Complacency: Safety's Worst Enemy
Safety has many enemies - budget, schedule, regulatory ignorance, and leadership indifference, to name a few – so maybe saying complacency is its worst enemy is a bit of hyperbole. Then again, maybe it’s not.
Each of the examples I mentioned is lacking one key ingredient that sets complacency apart from the rest: a false sense of security. When money, time, or enforcement becomes an obstacle to safety, the workforce will usually know this. If they continue to do their job, it is probably with added measures of precaution. And, while heightened awareness alone does not make for satisfactory protection, it is better than nothing.
Similarly, if a worker is not aware of safety regulations, it does not mean that he or she does not know how to work safely, it just means that they are not aware of the government’s specific requirements. That worker will most likely know or at least feel that something is unsafe and try to protect himself or herself in some way. I’m not saying that the solutions they choose will be perfect, or even very good, but awareness will always increase your odds of working without incident.
What is Complacency?
Complacency occurs when you’ve been doing something one way for so long without incident that you assume there can never be an incident. Whatever it is that you’re doing must be effective because, until now, there have been no issues. It’s the classic “I’ve been doing it this way for 20 years, and nothing has ever happened to me” Syndrome. This frustrates safety professionals because we know that nothing ever happens to anybody – until it does. In other words, every single person that has ever been injured or killed on the job could have said – until that point – that this is the way I've always done it and nothing has ever happened to me.
A Deadly False Sense of Security
A false sense of security does not go well in any industry, but it could be most dangerous in construction where things are constantly changing. The environment you are working in today could be a completely different environment than the one you worked in yesterday. A new excavation could have opened up next to you or a crane pick could be going on above you. Electrical equipment that was not energized yesterday might be energized today. That perimeter cable that was nice and taut yesterday, might have been loosened for some reason since then and left that way.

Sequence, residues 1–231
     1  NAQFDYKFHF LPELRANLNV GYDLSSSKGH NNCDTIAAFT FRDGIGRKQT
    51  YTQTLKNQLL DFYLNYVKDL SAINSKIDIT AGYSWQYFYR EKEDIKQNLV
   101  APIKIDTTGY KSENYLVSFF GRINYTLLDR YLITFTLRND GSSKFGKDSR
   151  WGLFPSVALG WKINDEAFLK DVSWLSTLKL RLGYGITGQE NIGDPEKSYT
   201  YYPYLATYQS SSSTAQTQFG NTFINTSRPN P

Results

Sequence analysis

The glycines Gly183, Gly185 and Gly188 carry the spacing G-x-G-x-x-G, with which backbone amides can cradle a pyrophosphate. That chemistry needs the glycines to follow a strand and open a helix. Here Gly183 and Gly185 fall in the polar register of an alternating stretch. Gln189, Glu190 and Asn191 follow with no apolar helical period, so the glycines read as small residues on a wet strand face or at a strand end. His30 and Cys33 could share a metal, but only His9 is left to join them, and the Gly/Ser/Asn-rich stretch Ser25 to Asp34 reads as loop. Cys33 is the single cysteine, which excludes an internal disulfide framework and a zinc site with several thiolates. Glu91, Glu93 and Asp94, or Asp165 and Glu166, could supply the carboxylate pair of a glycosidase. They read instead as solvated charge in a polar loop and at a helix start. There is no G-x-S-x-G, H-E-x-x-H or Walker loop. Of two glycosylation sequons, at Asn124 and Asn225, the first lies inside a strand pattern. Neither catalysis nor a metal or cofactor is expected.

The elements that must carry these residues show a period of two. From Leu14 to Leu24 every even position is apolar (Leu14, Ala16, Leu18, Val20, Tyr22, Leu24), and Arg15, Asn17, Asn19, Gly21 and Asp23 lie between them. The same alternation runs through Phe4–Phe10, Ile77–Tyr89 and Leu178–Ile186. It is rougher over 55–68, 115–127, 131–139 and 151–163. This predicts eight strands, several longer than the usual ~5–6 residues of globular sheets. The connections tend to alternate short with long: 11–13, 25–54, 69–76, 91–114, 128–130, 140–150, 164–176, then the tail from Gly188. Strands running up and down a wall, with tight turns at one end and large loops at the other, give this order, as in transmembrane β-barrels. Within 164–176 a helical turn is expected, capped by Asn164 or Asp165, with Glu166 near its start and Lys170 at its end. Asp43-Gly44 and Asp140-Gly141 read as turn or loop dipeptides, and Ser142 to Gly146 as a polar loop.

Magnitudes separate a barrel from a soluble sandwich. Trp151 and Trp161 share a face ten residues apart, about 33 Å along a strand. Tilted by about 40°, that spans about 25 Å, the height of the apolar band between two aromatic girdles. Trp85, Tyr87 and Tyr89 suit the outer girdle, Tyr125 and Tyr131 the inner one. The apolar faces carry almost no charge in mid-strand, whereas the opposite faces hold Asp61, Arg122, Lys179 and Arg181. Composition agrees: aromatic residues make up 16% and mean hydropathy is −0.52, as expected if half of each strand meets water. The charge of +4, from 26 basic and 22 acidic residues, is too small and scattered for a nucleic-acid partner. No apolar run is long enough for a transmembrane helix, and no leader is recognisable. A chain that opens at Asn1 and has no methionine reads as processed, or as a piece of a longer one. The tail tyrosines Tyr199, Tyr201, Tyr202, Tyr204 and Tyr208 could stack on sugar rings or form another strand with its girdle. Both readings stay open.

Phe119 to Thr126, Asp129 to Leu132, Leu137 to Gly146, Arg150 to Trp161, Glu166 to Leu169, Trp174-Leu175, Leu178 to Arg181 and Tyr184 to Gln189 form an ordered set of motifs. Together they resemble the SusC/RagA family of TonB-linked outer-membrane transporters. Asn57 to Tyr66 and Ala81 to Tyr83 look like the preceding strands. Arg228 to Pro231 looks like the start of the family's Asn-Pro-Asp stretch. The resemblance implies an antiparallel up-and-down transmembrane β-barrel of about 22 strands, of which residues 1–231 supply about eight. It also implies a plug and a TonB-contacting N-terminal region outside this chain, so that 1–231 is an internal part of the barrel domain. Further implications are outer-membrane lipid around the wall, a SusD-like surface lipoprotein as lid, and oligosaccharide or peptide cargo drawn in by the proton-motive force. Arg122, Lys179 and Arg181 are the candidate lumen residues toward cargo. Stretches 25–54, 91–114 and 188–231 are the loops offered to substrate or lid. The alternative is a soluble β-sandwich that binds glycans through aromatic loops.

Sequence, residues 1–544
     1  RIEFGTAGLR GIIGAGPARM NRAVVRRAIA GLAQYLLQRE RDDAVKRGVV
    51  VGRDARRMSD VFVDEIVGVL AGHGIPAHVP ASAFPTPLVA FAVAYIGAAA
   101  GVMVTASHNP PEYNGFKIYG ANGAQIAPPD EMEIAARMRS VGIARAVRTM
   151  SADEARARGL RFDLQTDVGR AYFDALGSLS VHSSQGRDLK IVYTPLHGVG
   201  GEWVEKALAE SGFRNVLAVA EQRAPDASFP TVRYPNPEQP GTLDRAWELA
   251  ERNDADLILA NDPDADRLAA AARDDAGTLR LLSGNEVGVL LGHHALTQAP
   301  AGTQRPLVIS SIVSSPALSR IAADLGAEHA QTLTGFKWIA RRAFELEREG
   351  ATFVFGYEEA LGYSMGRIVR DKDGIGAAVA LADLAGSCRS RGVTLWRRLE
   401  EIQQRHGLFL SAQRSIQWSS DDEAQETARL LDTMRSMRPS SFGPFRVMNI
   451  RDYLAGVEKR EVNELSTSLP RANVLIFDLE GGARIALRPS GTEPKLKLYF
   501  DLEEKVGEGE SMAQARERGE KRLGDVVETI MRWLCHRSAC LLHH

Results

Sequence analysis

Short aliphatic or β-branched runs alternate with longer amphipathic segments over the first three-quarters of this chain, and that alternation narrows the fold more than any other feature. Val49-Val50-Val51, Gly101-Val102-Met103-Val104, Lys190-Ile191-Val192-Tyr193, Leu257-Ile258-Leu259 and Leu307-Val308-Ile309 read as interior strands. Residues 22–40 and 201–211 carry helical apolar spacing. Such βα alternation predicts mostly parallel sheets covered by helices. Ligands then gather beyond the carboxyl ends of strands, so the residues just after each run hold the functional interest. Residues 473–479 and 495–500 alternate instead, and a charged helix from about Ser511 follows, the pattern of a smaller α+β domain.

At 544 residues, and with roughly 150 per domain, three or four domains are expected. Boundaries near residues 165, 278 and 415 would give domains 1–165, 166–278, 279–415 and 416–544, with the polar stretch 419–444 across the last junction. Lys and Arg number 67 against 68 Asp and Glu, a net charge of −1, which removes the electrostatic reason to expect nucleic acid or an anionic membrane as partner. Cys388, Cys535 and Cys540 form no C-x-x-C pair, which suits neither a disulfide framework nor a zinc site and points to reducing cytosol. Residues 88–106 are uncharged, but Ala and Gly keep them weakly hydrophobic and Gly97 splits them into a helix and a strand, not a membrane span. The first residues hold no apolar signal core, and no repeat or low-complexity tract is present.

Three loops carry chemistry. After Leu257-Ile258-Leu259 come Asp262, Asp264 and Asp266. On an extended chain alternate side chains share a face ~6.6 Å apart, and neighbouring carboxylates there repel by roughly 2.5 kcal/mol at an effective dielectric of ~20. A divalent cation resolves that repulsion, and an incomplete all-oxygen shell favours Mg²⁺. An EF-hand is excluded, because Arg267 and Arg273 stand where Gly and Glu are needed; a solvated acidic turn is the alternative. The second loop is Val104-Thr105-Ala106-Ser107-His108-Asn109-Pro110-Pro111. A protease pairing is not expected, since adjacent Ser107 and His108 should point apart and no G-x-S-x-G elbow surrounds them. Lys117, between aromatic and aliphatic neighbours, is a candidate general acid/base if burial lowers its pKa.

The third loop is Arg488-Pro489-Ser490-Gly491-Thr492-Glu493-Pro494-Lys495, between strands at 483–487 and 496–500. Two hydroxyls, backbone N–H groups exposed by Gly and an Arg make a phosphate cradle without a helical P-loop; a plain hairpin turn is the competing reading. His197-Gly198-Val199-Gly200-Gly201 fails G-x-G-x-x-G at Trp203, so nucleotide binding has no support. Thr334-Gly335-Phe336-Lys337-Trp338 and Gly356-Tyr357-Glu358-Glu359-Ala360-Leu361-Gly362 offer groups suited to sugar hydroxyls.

In a constantly changing environment, extra vigilance is needed, but workers still become complacent. Inspections fail to happen and workers walk or move equipment without looking where they’re going, to the point where, from a safety standpoint, they seem to be sleepwalking through the job.
That’s not to say that complacency isn’t a problem in other industries. Take the worker on a manufacturing floor for example. He or she has inspected this same piece of equipment every single day for the last five years. There has never been a problem. The worker decides to blow off an inspection and get right to work. Then another. Soon, he or she is only inspecting every other day. Maybe even less frequently.
Then something happens.
It could be a fire. It could be somebody getting injured because a machine guard was missing. It could be any number of things, but whatever those things are, they were brought on by complacency.
How to Fight Complacency
The only fix is constant vigilance, but how is that achieved?
Nothing beats complacency like regular reminders. Morning meetings are effective in this way; they allow you to bring safety awareness to the forefront of everybody’s minds first thing in the morning each and every day. If the job doesn’t allow for daily meetings, at least plan for one at the beginning of each week to get people refocused on the work at hand.
Signs may blend into the background, but good eye-catching signs can be effective against complacency. Even if they make just one person think more about safety, they could be preventing a deadly incident.
And finally, there’s oversight. This is the greatest role of an on-site safety professional: preventing incidents – recognizing hazards and mitigating them. Everybody on a site or manufacturing floor or in a warehouse should be working with safety in mind, but we know that sometimes work and life get in the way. The safety professional’s role is to be the one that doesn't get complacent – the one that always has safety at the forefront of their attention. His or her presence is often enough to get workers thinking more about how they’re working, but beyond that, they can spot where breakdowns are occurring – inspection forms not being filled out for example – and make sure they get rectified.
Fighting complacency is a team effort. Don’t allow it to creep in while you aren't looking. Stay vigilant and ensure that those that work for you and with you are remaining vigilant with as well.